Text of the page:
Crabby Cab

The pear-green chairs adorning the lobby of the Marriot were undoubtedly my favorite homework spot.  Its comfy escape from the instant comatose-state offered by my bedroom into the steady hustle and bustle of customers streaming in and out of the hotel was an incredible conductor for my work, most of the time, anyway.  This day was no exception. 

As I sank into the seat, notebook in hand, prepared to do my work, in stormed a man with a second one on his toes.  The first gentleman wore glasses, a nice sweater and really well polished shoes while the latter wore a grungy brown jacket, slacks, and worn loafers.  The duo had hardly reached the reception desk before the first gentleman began screaming at the fresh-faced pair of attendants standing idly behind the counter.  “I paid 30 roubles to take my friends and I to a nearby restaurant from this hotel” he screeched, “But for the exact same distance—from the restaurant to the hotel, this man demands 100 rubles!”  The man insisted that the pair talk the taxi driver to somehow fix this obvious discrepancy.  The staff members seemed to shrug with indifference.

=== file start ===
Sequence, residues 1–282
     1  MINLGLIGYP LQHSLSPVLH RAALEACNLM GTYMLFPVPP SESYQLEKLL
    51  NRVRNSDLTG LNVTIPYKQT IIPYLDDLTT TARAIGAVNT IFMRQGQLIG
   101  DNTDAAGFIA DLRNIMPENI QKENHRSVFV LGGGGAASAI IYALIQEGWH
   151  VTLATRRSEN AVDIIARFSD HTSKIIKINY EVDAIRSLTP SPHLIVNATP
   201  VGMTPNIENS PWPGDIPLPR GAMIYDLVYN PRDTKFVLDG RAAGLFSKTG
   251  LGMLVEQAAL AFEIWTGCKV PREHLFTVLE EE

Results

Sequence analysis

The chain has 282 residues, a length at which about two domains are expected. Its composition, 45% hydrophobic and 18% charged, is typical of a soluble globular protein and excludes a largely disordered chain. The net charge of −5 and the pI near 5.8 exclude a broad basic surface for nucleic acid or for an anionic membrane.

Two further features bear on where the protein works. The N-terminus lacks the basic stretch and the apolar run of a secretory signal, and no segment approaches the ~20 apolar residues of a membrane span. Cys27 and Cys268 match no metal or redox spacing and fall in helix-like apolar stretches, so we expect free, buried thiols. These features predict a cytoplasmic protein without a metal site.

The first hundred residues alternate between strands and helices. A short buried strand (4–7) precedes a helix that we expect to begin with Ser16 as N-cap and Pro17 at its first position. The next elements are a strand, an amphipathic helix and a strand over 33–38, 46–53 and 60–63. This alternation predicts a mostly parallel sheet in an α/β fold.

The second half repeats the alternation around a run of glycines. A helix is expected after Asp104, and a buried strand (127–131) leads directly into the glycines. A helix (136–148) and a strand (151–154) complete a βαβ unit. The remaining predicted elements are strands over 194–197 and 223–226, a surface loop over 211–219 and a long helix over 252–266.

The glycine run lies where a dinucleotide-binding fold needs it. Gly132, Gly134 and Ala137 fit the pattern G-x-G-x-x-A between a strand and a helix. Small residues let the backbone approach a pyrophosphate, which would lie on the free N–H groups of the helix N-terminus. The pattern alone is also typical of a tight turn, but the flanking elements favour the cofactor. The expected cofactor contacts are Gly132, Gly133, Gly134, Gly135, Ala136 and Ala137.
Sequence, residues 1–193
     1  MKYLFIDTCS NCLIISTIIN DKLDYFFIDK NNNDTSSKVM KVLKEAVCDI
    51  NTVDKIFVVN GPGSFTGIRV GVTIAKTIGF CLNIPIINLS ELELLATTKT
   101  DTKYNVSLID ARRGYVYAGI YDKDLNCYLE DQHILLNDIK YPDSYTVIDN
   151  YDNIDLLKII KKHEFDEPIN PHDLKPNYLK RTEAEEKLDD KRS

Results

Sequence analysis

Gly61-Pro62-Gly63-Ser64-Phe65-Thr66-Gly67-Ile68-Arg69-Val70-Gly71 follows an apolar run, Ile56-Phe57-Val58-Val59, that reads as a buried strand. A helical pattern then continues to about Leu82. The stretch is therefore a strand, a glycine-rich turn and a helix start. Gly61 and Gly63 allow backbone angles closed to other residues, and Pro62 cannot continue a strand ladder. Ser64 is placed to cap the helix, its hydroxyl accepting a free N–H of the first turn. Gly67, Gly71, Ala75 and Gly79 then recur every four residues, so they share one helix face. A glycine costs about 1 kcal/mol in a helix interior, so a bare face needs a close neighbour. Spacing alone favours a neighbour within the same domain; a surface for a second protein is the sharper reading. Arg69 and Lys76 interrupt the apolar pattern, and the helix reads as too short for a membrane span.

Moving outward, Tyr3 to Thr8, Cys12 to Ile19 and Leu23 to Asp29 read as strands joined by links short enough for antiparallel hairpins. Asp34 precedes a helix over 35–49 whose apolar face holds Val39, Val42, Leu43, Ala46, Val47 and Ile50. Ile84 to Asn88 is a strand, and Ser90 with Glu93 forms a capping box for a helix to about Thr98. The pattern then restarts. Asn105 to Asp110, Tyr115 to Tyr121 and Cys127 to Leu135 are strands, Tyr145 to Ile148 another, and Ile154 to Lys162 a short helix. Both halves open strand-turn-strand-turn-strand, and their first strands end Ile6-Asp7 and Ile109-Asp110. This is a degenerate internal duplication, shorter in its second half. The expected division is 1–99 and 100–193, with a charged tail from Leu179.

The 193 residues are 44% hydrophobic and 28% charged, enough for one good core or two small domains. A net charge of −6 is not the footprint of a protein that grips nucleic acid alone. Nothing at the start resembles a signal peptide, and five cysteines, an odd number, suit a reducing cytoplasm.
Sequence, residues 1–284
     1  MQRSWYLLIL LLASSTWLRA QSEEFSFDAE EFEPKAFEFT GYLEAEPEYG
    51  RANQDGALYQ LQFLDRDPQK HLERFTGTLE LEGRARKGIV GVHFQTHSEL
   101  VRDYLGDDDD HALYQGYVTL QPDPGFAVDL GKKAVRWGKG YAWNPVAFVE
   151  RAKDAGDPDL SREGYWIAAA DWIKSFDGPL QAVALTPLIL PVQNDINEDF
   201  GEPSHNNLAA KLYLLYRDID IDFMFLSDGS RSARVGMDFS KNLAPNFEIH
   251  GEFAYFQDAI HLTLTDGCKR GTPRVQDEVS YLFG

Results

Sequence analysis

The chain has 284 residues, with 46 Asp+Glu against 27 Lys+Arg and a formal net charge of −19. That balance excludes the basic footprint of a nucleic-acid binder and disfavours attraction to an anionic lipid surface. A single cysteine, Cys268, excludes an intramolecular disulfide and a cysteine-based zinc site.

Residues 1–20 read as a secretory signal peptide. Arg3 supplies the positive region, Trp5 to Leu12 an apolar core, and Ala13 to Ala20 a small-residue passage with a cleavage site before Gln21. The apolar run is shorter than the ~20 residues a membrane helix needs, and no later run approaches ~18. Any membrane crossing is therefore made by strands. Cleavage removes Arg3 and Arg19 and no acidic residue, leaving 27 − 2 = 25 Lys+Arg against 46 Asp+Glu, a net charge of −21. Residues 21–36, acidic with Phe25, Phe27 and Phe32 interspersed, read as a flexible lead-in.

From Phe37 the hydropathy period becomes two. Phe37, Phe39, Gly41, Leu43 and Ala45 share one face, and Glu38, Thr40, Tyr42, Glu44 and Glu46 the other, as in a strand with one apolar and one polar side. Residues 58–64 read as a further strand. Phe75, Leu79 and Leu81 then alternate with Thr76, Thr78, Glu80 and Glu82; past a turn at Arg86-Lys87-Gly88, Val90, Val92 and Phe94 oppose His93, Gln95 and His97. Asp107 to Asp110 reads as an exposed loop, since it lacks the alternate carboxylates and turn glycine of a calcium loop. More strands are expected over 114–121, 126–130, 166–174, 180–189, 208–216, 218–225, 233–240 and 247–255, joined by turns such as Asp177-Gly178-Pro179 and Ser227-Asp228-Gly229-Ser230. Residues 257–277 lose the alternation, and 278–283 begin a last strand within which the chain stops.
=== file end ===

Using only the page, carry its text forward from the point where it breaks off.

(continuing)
Perhaps this gentleman should have been schooled in this prevalent cultural norm of negotiating prices with the taxis before accepting a ride: In Russia, only in extremely rare cases will taxi drivers actually use a meter to compute the price.  Upon further prompting from the grisly gentleman, the staff began squabbling with the taxi driver in Russian, to see if anything can be done to resolve this conflict.  After realizing the taxi driver was unwilling to budge, the staff members told the gentleman that there was absolutely they could do.  He must pay the 70 ruble premium.  Who were they to interrupt the seams of Russian culture?  At this, the man nearly burned with anger.  “I AM YOUR CLIENT!” he barked. 

For emphasis, he added, “You RUSSIANS always stick together.  Because I am Italian, this happens.”  The staff blushed but remained remarkably calm.  The enangered Italian, with reluctance, finally paid the bill, demanding a receipt in return.  After he stomped off, I was certain I would never see the gentleman: I would have bet he would leave the hotel in a huff that evening, along with all of the other thirty Italians gracing the hotel for the week.  But a couple of days later, the same man strolled in the restaurant of the hotel content as can be.

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